Introspection through litigation.

Author:Schwartz, Joanna C.
Position:Organizational behavioral change due to lawsuits


This Article contends that there is a bright side to being sued: organizational defendants can learn valuable information about their own behavior from lawsuits brought against them. Complaints describe allegations of wrongdoing. The discovery process unearths documents and testimony regarding plaintiffs' allegations. And in summary judgment briefs, expert reports, pretrial orders, and trial, parties marshal the evidence to support their claims. Each of these aspects of civil litigation can bring to the surface information that an organization does not have or has not previously identified, collected, or recognized as valuable. This information, placed in the hands of an organization's leaders as the result of litigation, can be used to improve systems and personnel.

This Article considers the information generated by litigation, the gaps lawsuit data can fill in the information otherwise available to organizations, and possible reasons some organizations may gather and analyze litigation data more frequently than others. To illustrate these concepts, I draw on original research of police departments and hospitals and evidence from other organizational settings.


No organization relishes the prospect of being sued. Lawsuits are costly and time consuming to defend against and can lead to negative publicity, increased government oversight, and other woes. But some organizations also see a bright side to being sued: through litigation, organizations can learn about their own behavior. These organizations review information developed during the course of litigation--complaints, depositions, documents exchanged in discovery, expert reports, briefs, and trial transcripts--to better understand weaknesses (1) in personnel, training, management, and policies. The process of organizational learning through information generated in lawsuits is what I call introspection through litigation.

Although introspection through litigation has not received sustained attention by scholars, (2) it operates at the intersection of two well-established concepts. The first is that organizations must understand their strengths and weaknesses in order to operate effectively and improve--a process that has been referred to as "organizational introspection." (3) Organizations may gather information about their own performance (4) but also often seek out information from outsiders through customer surveys, audits, and management consultants. (5) Outsiders are believed to offer valuable insights because they have fresh perspectives, are disengaged from organizations' internal politics, and are not predisposed in favor of existing personnel and practices. (6)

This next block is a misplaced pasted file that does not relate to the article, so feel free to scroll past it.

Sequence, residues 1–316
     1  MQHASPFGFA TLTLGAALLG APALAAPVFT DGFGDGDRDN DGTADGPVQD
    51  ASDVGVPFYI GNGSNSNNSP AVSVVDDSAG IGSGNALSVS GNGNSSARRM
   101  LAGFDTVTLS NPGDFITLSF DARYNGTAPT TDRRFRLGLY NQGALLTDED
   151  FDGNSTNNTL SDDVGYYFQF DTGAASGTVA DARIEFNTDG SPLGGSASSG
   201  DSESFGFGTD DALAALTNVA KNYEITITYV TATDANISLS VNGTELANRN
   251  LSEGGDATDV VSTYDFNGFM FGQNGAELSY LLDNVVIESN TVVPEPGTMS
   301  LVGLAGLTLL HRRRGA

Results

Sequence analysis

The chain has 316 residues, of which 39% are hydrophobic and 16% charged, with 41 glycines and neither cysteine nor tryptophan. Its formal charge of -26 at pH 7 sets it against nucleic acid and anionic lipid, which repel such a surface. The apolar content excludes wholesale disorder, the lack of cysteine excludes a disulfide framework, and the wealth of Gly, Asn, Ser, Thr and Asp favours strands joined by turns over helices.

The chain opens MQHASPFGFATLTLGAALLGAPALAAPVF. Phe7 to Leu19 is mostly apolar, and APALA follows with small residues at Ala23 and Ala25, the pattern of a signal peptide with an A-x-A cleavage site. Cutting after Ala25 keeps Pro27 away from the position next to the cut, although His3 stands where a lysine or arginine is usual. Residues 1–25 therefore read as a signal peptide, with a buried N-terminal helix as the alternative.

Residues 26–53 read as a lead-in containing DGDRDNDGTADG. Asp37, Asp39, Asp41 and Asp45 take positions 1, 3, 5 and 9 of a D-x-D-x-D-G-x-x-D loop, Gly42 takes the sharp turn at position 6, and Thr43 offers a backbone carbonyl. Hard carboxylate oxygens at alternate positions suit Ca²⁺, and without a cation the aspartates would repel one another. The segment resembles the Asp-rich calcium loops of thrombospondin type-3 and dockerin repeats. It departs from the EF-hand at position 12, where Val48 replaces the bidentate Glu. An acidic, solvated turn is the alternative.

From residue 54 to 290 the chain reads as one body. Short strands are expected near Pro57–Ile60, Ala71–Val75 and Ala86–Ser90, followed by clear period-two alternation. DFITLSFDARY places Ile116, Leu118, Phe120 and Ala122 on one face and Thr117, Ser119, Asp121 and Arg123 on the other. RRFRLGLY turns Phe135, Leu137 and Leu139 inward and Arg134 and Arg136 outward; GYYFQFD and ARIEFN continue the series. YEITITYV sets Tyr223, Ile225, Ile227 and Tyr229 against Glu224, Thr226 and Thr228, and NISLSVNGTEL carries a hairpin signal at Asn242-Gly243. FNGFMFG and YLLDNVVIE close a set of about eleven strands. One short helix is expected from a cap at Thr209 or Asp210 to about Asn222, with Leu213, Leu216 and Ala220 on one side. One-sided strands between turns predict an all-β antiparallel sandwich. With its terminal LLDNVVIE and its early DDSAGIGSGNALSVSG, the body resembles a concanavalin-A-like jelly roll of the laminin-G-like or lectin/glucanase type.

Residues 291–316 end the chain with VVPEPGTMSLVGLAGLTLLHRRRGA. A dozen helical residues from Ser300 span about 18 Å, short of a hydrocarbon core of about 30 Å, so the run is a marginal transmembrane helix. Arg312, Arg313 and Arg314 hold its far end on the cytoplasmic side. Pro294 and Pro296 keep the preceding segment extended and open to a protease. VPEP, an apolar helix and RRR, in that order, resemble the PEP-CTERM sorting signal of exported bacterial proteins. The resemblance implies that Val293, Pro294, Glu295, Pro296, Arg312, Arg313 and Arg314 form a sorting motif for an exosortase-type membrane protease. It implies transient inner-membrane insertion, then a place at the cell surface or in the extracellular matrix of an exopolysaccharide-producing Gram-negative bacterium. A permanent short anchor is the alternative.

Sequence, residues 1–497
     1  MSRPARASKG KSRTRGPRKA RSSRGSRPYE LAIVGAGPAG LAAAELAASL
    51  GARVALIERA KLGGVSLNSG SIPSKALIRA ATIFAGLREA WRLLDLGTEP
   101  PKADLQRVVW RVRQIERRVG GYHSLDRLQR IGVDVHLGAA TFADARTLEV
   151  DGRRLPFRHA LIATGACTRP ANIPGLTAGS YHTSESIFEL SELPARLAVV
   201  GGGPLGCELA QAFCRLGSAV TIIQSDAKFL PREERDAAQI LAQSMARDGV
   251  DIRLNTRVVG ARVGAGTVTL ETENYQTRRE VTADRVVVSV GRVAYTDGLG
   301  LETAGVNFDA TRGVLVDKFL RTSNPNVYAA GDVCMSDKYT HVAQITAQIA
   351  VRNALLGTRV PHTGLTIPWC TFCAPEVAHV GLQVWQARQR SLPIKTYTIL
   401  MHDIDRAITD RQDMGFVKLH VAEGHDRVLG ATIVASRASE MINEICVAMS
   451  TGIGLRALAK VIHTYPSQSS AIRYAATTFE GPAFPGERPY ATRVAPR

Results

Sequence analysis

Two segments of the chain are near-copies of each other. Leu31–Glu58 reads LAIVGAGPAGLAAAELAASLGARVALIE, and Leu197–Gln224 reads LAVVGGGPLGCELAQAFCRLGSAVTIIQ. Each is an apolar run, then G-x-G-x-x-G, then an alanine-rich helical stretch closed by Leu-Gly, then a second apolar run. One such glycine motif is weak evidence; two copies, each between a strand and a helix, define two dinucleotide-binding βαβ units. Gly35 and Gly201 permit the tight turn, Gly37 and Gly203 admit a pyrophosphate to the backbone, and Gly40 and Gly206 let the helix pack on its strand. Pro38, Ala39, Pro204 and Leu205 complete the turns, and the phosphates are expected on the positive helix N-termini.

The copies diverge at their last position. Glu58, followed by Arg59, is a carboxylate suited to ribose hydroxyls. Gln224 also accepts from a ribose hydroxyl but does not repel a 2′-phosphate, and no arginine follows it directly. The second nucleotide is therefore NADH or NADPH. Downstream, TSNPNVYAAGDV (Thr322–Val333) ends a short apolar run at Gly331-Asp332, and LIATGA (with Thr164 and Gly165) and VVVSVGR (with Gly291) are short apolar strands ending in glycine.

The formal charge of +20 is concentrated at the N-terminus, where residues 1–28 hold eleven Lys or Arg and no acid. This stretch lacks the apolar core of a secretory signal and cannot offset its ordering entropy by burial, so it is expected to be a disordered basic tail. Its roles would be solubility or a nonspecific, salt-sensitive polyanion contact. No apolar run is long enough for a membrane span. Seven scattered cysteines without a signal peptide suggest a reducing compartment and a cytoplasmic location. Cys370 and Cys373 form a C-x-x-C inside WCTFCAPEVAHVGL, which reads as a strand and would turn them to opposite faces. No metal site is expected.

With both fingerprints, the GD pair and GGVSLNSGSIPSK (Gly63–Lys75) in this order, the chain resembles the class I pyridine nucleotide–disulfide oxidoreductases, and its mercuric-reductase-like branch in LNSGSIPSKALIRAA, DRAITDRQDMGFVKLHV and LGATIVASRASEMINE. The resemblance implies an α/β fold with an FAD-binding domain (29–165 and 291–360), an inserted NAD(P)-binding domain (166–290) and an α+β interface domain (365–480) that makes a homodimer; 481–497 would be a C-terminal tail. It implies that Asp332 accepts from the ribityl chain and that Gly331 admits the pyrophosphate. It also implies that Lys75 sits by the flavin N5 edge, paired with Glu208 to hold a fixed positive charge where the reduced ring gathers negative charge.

The second is that lawsuits can unearth information about misconduct that organizations have hidden from regulators and the public at large. (7) Outside auditors or regulators may not have the authority, tools, or motivation to pry the information from corporate executives' white-knuckled grip. (8) But plaintiffs' attorneys, unencumbered by allegiances to the industry and driven by the financial and other associated benefits of a win, are highly motivated to seek out information supporting their claims. Liberal discovery rules, including rules empowering courts to compel production of evidence and sanction those who do not comply, pressure defendants to turn over information that they would prefer to keep secret.

Introspection through litigation combines the recognized value of organizational introspection with the observed power of litigation to unearth information. For organizations interested in learning about their performance, lawsuits are, in essence, unsolicited audits by deeply dissatisfied customers who are highly motivated to describe their claims in the strongest terms, uncover all evidence relevant to their case, and present that evidence in the most compelling light. Hearing from a deeply dissatisfied, highly motivated customer may be an unpleasant experience, but it can also be illuminating. (9) Just as lawsuits can publicly reveal information hidden by corporate executives from outsiders, lawsuits can surface information that employees have purposefully or negligently failed to provide to management.

In prior work, I have studied the ways in which police departments and hospitals gather and analyze information from lawsuits brought against them and what both types of organizations learn from litigation data. (10) This Article draws on my studies of police departments and hospitals--as well as evidence about information generated through litigation against airlines, auto manufacturers, correctional facilities, and the Catholic Church--to offer generalizable observations about this phenomenon.